I do stupid things too, and I look forward to my grandchildren making fun of me because I can’t use a Badingus (high-tech tool of the future), but the generation gap between mine and those I’ve been dealing with this week is particularly gruesome. Just look at Carolyn Dreary Patillo.
I’m writing this right in front of her, but she hasn’t noticed because she’s too busy talking. I’m not sure talking really is the right word because it implies some form of communication. She’s blathering about the journey to Santa Cruz and “are the geraniums in our office because of their literary significance?” Finally I have no choice but to decipher what she needs. This is difficult—her brain doesn’t work linearly—but I correctly assume she needs help to her room. I grab her luggage and load it into the sweet golf cart I drive like a terror, hoping to scare the Golden Girls. As I drive her to her room, she talks about her trip to Cleveland, where there are “lots of black people.” When I point out her room, which she couldn’t find earlier, she explains that she couldn’t find it because the woman she asked for directions had a “Spanish accent. She looked half Mexican.”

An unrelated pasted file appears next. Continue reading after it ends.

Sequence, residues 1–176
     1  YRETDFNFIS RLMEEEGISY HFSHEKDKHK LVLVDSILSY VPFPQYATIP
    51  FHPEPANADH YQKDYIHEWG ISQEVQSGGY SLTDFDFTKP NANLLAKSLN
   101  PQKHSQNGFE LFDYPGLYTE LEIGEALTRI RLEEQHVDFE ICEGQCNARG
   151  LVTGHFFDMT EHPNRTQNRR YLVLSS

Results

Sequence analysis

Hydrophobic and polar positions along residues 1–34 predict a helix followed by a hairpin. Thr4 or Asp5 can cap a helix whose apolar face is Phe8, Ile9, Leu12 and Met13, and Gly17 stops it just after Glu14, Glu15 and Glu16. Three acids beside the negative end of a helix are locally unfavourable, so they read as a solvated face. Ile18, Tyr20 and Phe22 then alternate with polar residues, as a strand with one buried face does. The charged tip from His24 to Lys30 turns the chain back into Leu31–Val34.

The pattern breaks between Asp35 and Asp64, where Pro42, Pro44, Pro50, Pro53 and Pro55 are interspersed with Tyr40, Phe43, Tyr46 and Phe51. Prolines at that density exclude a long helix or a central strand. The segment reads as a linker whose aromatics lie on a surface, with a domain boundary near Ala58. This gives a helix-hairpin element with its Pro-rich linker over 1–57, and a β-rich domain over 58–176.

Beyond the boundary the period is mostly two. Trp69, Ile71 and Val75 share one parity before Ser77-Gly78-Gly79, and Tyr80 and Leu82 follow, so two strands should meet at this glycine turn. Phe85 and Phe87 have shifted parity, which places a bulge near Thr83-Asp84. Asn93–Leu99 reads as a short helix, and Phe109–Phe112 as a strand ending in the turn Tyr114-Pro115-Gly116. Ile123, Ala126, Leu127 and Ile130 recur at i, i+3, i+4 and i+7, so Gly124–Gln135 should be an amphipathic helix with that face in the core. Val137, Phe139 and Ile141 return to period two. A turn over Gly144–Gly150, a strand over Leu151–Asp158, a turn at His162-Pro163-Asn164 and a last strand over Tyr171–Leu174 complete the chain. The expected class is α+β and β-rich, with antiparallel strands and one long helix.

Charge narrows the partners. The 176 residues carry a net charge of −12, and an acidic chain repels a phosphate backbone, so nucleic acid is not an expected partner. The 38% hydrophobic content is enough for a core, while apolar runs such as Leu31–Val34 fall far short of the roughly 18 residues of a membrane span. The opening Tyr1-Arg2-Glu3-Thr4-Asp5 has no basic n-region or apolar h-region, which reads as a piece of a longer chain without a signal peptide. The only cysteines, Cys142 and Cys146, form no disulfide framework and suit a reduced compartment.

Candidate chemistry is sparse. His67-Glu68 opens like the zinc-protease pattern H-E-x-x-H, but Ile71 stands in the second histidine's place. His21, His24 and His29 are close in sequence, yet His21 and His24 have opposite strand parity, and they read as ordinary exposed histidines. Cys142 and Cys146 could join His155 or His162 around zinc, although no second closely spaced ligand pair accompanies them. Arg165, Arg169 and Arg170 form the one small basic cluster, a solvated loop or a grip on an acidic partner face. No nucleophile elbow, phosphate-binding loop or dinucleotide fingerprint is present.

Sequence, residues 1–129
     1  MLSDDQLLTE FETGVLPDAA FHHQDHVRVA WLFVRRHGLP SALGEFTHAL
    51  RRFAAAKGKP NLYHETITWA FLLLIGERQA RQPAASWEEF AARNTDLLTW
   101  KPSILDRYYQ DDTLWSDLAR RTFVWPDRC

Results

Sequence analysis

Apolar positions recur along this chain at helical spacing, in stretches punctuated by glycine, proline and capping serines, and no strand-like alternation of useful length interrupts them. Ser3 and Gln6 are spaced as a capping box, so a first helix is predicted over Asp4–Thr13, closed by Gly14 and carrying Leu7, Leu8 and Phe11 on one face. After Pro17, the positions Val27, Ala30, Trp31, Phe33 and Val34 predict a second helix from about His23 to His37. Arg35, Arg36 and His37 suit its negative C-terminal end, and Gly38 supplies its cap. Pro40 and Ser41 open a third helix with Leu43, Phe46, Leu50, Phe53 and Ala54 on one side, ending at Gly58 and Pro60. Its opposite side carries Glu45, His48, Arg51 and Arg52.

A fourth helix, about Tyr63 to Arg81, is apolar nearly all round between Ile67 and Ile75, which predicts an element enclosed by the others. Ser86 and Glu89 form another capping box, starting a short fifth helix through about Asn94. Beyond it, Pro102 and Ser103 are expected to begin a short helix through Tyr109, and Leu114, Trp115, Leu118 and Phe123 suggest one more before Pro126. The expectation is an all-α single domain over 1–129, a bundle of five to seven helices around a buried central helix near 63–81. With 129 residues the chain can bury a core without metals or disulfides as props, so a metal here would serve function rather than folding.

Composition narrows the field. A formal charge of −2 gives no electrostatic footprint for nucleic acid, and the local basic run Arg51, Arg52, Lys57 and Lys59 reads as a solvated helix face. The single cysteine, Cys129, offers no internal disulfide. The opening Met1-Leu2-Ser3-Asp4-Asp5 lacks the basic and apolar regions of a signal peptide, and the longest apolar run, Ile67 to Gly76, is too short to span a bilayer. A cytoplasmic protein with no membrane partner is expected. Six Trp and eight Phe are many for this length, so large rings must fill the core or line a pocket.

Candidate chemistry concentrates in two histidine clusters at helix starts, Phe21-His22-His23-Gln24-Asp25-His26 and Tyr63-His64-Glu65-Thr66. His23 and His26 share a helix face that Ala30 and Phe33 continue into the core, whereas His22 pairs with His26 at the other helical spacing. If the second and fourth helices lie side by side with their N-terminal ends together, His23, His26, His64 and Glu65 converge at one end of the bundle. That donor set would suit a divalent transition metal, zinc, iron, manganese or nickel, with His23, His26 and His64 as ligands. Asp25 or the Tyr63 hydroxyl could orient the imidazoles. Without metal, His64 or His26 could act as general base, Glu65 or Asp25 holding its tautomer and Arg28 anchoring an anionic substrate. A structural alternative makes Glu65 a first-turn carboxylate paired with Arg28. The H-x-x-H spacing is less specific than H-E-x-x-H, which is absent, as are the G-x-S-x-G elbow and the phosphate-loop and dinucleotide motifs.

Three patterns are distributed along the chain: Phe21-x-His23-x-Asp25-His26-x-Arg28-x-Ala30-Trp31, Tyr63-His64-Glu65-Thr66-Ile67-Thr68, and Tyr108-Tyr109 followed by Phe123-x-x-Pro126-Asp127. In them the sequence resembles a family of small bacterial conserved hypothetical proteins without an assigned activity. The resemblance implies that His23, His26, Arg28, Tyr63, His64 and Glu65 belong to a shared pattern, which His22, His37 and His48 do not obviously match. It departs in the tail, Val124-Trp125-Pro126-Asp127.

Having grown up in the capital of PC, I am shocked: actual unchecked racism, unabashedly displayed. I don’t say anything. I just unload her bags, letting her carry them upstairs, and speed off in my golf cart. On the drive back, I’m angry that I didn’t say anything, but then I realize, she will be dead soon. Besides, she was wearing two different shoes, and it’s hard to find that threatening. I’m part of a different generation, one that elected a black president. Granted, I’m positive my grandchildren will shake their heads and wonder how people in grandma’s time could ever have made gay marriage illegal, but for now, Obama becomes comfort for a week of dealing with dinosaurs.